This Is a Bar on Wheels
From crazy cocktail lists in talking pop-up books to staff dressed as Lewis Carroll and Brothers Grimm finger puppets, Fairytale is taking the red pill in pub form. Fall down the rabbit hole (and hopefully into a crazy Berlin adventure) with fantastical libations and Champagne served inside dainty Louboutin glass slippers.
How to get in: Find the Märchenbrunnen or “Fountain of Fairytales” in Volkspark Friedrichshain. The bar’s directly across the street at Am Friedrichshain 24. Ring the buzzer.
Buck & Breck is Ernest Hemingway meets Johnny Depp, an old-world establishment with hipster bartenders sporting groomed beards and plenty of tats. Some of Berlin’s most raved-about cocktails are served here (also, foreign cigarettes in fanciful packs), and being a 30-seater, it’s exclusive. Just pick your poison and they’ll come up with the rest.
How to get in: The entrance is hidden behind what looks like a warehouse with a CLOSED sign, so ring the buzzer labeled BAR to get in. If it’s already full, the doorkeeper may take your phone number and call when a table is free (that is, if he likes the looks of you).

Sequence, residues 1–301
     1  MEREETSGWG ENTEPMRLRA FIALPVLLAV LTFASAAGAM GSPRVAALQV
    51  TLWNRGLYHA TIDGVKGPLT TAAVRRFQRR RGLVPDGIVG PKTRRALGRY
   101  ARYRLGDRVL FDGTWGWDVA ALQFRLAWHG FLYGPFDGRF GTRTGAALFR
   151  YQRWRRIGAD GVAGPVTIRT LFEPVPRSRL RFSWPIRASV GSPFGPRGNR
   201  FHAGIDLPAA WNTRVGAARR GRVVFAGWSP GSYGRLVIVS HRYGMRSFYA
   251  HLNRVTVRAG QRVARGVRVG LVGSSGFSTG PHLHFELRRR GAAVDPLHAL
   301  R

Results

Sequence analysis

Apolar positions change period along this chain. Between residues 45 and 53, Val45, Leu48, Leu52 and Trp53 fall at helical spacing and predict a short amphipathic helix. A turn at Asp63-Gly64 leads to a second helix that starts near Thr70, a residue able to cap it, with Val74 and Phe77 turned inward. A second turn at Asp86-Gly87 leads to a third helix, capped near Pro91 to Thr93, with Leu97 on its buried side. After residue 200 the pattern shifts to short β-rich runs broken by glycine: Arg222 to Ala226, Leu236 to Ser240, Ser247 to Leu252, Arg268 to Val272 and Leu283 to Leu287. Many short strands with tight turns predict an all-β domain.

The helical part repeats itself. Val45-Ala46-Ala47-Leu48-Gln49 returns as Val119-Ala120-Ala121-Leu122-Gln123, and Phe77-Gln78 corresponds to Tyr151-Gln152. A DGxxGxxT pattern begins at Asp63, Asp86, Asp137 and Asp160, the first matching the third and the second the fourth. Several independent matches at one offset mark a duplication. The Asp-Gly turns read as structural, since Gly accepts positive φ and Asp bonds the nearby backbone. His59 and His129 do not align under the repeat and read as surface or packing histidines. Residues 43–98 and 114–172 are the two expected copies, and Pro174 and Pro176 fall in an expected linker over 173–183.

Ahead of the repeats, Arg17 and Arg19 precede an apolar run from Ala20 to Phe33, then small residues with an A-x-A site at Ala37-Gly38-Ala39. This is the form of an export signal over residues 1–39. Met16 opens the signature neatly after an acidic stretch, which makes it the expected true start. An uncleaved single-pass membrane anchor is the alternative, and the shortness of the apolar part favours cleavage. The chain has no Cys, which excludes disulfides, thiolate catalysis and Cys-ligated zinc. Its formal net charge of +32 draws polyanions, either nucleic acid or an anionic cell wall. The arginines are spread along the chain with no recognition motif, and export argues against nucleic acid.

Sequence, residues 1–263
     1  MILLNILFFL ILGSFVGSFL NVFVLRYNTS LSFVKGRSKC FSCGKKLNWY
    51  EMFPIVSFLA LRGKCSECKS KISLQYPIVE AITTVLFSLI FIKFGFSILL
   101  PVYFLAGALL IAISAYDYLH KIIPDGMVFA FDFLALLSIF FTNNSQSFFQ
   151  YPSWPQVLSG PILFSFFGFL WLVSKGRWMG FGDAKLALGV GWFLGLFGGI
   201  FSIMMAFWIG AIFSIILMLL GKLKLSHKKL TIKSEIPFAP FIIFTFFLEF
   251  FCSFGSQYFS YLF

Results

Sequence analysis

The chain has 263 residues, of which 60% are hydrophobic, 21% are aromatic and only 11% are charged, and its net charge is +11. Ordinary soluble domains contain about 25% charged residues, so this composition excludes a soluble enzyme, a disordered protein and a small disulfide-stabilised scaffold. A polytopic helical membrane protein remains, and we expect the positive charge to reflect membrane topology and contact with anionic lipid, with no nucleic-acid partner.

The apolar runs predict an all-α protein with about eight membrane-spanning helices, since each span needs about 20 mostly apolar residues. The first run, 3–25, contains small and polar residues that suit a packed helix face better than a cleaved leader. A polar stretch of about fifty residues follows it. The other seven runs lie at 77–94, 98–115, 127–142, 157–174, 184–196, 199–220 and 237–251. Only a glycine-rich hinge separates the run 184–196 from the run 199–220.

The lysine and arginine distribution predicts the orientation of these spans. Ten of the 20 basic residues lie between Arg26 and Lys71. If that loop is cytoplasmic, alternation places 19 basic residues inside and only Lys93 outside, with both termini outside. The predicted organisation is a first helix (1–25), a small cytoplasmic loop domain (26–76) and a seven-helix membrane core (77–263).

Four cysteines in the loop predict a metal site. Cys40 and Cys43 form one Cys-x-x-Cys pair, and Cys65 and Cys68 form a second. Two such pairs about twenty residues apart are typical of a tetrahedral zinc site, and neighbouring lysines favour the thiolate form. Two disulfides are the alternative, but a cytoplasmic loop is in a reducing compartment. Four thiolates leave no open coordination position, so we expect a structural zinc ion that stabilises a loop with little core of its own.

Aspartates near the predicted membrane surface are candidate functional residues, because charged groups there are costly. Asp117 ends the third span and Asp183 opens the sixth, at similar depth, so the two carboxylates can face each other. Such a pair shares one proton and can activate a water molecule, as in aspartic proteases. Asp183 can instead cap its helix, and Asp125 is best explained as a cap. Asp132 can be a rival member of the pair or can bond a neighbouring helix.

This buzzing watering hole is a P’Berg legend, but as it's nestled in a residential street, you’re likely to miss it. Once you’ve located Beckett’s portrait and entry point, relax inside on a red leather sofa and peruse a cocktail list printed on an old paperback play. No standing allowed, so go early for one of only 20-some seats.
How to get in: You’ll know you’re here by the photo of Beckett hanging in the bar window. Ring the buzzer next to it and hopefully there’ll be space.
Bar Tausend’s known for a strict door policy -- but unlike Berghain, you’re more prone to getting in here wearing heels or a collared shirt. At this tunnel-esque bar beneath a railway bridge, you’ll find Mitte’s fancy/cool crowd, strong libations, and an eclectic batch of DJs playing house, disco, and the like depending on the night.
How to get in: At the unmarked entrance (an old iron door), buzz for the “landlord” and try not to look awkward as the door guy thoroughly evaluates you with his eyeballs.
Bürkner Eck is a straightforward speakeasy -- while the front looks Neukölln shoddy, what you’ll find inside is a long, lovely bar covered in candles and a bartender earnestly shaking up classic craft concoctions. Like most other bars in its wheelhouse, taking photos inside is a big NO.